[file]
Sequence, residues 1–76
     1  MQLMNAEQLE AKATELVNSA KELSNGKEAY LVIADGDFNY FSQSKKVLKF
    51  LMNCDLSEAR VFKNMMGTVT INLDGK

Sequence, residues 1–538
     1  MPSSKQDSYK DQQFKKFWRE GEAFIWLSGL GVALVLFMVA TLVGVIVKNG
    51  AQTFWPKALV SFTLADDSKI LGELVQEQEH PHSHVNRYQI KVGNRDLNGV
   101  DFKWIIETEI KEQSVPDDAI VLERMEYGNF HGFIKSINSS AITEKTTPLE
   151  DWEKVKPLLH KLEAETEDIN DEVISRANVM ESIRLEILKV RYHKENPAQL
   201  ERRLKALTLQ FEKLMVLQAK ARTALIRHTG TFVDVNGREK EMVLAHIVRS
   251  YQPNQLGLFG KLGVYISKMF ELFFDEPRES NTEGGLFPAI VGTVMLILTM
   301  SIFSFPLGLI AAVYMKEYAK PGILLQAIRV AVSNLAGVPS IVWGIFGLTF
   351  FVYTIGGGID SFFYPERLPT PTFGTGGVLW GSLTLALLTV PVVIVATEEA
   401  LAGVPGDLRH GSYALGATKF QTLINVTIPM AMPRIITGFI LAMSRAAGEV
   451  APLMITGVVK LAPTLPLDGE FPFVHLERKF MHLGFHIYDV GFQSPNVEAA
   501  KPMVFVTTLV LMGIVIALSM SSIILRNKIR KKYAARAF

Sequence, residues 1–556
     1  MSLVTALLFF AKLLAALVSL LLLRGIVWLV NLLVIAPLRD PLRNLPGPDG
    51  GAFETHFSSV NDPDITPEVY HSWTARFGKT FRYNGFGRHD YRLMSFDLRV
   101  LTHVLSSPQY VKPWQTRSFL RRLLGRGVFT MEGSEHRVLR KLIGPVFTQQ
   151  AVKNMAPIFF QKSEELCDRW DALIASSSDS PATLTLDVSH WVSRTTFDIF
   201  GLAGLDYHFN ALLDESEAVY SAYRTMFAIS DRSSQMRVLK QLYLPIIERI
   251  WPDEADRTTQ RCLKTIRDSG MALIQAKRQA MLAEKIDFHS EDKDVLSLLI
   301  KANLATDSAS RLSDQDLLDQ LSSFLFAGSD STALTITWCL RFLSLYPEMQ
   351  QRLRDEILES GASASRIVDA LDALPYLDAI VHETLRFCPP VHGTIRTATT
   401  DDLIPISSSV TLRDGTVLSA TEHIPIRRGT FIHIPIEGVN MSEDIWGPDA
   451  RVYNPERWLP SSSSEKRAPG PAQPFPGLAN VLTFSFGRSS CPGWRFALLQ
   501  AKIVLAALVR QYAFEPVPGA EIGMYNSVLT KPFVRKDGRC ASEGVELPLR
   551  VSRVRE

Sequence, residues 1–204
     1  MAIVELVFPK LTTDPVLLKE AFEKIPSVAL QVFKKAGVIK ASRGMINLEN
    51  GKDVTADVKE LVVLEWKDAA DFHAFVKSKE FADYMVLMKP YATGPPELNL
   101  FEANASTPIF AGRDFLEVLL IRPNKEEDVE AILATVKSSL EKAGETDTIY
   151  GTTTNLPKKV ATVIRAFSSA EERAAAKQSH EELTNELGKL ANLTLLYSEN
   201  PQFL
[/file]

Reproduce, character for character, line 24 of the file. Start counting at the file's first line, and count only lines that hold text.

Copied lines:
   351  QRLRDEILES GASASRIVDA LDALPYLDAI VHETLRFCPP VHGTIRTATT